Coppicing evaluation in the southern USA to determine harvesting methods for bioenergy production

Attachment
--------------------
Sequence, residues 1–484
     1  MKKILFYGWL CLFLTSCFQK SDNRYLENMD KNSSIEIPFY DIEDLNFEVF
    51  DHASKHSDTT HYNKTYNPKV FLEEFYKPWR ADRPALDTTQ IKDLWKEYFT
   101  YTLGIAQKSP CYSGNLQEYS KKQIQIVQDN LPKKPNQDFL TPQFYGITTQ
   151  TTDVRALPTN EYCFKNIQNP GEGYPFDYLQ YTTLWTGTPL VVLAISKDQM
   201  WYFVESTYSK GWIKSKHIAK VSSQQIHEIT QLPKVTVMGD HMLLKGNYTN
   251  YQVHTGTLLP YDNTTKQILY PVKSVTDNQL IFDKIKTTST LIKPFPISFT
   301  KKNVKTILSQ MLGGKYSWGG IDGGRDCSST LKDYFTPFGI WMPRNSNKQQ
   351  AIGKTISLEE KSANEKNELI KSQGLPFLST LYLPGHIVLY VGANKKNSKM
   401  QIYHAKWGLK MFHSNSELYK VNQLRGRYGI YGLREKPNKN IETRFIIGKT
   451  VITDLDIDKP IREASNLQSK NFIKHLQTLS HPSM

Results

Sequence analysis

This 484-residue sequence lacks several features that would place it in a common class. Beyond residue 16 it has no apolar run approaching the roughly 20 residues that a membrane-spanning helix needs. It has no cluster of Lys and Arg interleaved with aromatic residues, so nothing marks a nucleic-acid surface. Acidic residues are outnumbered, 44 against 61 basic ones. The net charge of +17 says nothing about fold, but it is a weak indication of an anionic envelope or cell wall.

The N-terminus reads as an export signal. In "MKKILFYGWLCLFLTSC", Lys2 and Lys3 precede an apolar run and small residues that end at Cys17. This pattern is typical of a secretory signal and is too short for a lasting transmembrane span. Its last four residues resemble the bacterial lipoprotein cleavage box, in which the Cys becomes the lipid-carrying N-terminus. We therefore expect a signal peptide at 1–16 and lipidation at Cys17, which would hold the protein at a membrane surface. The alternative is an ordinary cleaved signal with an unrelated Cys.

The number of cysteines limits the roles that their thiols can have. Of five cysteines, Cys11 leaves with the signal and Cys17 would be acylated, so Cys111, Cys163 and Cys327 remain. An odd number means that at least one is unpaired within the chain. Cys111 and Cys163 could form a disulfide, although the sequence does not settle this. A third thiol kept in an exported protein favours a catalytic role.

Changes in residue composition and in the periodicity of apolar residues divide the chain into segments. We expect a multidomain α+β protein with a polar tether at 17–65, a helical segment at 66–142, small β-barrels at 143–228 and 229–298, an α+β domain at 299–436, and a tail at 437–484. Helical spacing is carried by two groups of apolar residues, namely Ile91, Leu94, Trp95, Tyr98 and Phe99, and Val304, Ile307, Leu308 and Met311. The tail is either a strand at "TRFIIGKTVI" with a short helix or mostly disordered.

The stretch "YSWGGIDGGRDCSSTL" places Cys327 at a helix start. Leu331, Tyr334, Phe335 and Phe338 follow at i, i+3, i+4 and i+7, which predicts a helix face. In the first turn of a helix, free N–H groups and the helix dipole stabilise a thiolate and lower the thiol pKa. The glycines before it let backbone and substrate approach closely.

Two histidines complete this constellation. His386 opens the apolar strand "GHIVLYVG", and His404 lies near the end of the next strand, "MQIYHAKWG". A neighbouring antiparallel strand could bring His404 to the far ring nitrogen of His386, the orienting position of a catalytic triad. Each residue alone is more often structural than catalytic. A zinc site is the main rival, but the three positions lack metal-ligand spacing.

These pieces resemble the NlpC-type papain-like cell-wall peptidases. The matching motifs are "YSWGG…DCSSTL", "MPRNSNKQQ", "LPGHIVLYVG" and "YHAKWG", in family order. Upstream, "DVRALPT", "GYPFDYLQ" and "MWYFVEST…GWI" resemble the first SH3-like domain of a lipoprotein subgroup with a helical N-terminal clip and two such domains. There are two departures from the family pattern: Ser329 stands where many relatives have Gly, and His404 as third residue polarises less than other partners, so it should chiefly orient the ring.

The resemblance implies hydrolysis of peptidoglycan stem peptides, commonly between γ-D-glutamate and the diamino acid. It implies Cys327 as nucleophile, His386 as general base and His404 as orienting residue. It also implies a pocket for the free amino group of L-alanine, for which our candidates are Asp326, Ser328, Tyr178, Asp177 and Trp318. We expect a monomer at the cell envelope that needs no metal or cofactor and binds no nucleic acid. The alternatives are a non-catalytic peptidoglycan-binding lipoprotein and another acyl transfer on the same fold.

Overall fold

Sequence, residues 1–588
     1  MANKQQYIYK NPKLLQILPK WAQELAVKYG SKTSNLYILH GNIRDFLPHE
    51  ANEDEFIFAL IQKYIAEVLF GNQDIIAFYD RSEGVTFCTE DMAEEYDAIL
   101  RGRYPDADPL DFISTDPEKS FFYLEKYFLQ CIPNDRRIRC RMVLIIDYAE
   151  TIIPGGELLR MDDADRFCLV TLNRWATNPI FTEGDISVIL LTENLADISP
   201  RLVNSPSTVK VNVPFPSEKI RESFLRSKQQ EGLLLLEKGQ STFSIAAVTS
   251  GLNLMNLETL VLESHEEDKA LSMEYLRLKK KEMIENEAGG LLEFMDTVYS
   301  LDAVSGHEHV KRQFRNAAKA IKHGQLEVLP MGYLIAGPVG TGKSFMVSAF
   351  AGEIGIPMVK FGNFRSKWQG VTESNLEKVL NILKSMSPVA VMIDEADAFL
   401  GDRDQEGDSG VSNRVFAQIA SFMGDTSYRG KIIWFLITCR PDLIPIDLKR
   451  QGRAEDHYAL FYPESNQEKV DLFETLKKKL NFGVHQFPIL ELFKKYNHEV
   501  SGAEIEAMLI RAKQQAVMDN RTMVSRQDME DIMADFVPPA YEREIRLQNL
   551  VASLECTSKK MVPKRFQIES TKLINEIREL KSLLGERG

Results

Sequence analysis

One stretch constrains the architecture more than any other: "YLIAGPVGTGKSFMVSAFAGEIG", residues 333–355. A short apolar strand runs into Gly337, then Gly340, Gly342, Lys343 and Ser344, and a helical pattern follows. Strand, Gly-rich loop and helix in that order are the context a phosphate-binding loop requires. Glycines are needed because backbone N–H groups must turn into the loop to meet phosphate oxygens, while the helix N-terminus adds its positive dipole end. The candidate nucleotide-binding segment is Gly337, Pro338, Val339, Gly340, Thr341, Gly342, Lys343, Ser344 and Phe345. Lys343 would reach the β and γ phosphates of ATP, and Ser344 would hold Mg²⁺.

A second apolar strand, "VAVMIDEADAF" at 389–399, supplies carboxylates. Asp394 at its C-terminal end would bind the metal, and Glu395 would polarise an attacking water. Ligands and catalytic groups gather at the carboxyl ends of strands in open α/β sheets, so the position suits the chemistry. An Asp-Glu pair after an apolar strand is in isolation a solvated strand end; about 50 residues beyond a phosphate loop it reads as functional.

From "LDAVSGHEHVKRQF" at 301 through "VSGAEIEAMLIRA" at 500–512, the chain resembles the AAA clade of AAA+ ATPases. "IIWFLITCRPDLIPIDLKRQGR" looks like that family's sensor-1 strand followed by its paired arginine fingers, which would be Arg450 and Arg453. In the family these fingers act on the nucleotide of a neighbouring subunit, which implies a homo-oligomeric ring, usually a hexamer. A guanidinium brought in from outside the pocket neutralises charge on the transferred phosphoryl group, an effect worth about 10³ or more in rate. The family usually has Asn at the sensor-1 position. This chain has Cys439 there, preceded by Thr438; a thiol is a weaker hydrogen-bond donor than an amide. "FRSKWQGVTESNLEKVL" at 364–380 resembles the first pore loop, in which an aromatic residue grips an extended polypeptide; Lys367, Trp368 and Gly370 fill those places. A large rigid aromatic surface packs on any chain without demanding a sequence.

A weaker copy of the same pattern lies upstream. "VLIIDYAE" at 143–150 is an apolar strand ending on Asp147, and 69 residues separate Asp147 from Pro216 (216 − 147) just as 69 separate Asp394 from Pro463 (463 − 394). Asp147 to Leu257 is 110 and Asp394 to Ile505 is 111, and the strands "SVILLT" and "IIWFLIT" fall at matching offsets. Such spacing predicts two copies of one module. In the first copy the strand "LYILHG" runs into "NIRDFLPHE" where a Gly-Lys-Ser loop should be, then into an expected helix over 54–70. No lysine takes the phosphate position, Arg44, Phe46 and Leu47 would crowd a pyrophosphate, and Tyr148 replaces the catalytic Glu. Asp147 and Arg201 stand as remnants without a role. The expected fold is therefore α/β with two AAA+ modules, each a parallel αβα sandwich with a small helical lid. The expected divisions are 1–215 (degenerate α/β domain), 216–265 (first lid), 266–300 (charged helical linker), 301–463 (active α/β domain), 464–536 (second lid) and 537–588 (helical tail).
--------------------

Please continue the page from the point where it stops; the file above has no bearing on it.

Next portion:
Woody biomass is an excellent source of renewable energy in terms of cost-benefit and availability. Short rotation woody crops (SRWC) meet intensive wood demand due to their fast growth and ability to coppice. There are uncertainties related to the feasibility of harvesting multiple-stem coppice trees with current technology. In this study, we investigated the physical attributes of two SRWC species, 2 years after harvest. A logistic regression was fit in an attempt to determine whether the number of surviving stems per stump (2 or fewer; 3 or more) had a relationship with the damage caused during harvest and the diameter classes of the stumps. The species used in this experiment were Eucalyptus urograndis in Florida, and Populus deltoides in Arkansas. Stem crowding and clump dimension was also collected from the coppice trees 2 years after harvest. In addition, the re-sprouting patterns from different seasons of the year (summer and winter) were compared. Results from both species showed that stump diameter is positively related with stem crowding. A minimal percentage of the clump dimensions exceeded the established threshold that would put these multi-stem trees in a challenging spot for subsequent harvesting operations with small-scale machinery.